I think maybe in the last year or so, you see people starting to complain about "social justice warriors" and things like that, and I can't—get the feeling that people are—a lot of people are pushing—are —seem to be sick of feeling that they are being required to critical, and in that they don't really want to be critical. I don't mean it in a bad way, but people seem to feel like if they write something in a—if their fic has some kind of content or characters who are acting in, say, a racist way, or a sexist way, that they feel like some sort of social justice warrior might come in to the comments or put their fic—or lambast their fic on Tumblr, and it feels to me like people are sort of feel like that is going too far, so they're being—that—I'm not sure. I've never really thought about this, so it's hard to put it into words, but people feel like they're being expected to be critical, and all the time, in a way that doesn't really fit with why they are in fandom or why they are making fic.

[snipped]

I feel like there's a little bit of pressure on—I don't know where this comes from—nobody actually told me this, but I feel like there's this kind of pressure to be—to either deal with sexual assault in a very appropriate way, or to put on a big disclaimer saying that you understand the issues actually, but you chose not to handle—not to deal with them because of blah, blah, blah. And I feel that there's this pressure to do either of those things, and that this is unfair, because I'm writing fiction, and I should not be forced to explain my understanding of social justice issues all the time. I should not have to justify one thing to write a scene in which somebody deals with sexual assault in a bad way.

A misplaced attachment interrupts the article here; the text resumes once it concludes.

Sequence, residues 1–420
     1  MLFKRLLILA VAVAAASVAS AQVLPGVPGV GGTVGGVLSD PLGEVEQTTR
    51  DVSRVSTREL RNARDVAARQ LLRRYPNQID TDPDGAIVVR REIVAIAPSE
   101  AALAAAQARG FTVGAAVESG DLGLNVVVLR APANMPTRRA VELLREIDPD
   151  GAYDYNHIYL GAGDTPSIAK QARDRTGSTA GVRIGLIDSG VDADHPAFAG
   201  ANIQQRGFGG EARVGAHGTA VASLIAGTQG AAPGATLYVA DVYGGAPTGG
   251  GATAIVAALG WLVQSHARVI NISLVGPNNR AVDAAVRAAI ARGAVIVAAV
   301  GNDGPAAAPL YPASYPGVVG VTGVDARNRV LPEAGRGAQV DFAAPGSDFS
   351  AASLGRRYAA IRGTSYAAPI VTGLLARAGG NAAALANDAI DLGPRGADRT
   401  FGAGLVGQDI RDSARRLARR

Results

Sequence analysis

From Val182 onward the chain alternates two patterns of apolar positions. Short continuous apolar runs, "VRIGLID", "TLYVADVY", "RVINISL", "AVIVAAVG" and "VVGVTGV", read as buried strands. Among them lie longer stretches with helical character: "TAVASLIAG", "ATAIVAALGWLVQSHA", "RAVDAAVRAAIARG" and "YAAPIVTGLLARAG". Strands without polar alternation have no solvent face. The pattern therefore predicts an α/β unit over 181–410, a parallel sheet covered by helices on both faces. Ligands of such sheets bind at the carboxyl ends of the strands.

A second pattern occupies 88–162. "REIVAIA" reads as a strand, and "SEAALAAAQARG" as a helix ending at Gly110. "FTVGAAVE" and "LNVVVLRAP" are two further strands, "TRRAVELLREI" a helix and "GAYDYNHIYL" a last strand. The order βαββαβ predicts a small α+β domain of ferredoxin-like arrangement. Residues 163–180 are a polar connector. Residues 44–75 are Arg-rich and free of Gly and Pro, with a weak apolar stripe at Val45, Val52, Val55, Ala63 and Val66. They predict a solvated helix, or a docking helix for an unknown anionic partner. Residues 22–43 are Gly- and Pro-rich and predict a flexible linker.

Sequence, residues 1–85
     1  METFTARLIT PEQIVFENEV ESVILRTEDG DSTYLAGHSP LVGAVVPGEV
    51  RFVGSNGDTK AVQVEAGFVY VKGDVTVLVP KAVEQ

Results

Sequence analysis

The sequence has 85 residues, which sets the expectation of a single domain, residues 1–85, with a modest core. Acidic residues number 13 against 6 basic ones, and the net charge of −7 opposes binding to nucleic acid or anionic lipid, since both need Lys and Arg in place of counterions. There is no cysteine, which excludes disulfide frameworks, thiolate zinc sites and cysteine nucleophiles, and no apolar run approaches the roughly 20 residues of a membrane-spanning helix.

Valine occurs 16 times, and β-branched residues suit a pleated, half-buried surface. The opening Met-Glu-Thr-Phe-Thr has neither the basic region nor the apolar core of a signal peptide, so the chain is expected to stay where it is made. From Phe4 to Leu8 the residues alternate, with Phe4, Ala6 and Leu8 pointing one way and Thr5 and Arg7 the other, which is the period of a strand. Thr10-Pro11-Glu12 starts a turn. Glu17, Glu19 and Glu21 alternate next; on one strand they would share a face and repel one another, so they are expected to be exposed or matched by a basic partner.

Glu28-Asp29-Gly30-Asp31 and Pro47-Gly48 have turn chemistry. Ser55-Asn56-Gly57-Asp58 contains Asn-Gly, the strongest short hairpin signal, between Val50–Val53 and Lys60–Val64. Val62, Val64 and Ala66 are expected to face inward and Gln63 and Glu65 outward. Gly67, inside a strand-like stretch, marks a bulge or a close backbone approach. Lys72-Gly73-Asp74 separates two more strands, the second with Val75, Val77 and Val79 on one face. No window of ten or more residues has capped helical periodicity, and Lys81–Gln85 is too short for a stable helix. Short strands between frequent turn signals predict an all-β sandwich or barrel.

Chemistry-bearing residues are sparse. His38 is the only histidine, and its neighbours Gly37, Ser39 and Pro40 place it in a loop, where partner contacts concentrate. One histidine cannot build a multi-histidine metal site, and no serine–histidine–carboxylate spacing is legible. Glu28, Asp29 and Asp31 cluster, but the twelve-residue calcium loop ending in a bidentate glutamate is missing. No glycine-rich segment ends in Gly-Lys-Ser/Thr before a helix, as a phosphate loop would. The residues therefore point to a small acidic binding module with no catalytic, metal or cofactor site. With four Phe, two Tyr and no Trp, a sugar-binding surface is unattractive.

I think in the English language fandom, there's this very strong dividing line between the professional artists and the amateurs. There's some crossing over into there, like we have these well-known fanboy authors like Joss Whedon as such who do interact with their fandom quite a bit, but they're still—there are very few people who actually exist in both worlds at the same time—are actually in both worlds at the same time. And especially with—in the case of novels, you know that there's apparently people who are still getting warned about not reading fanfic because it might—not reading fanfic of your works because it might lead to copyright problems if you later use something in your work that was already in a fanfic. People are still apparently still passing along that ghost of Marian Zimmer Bradley.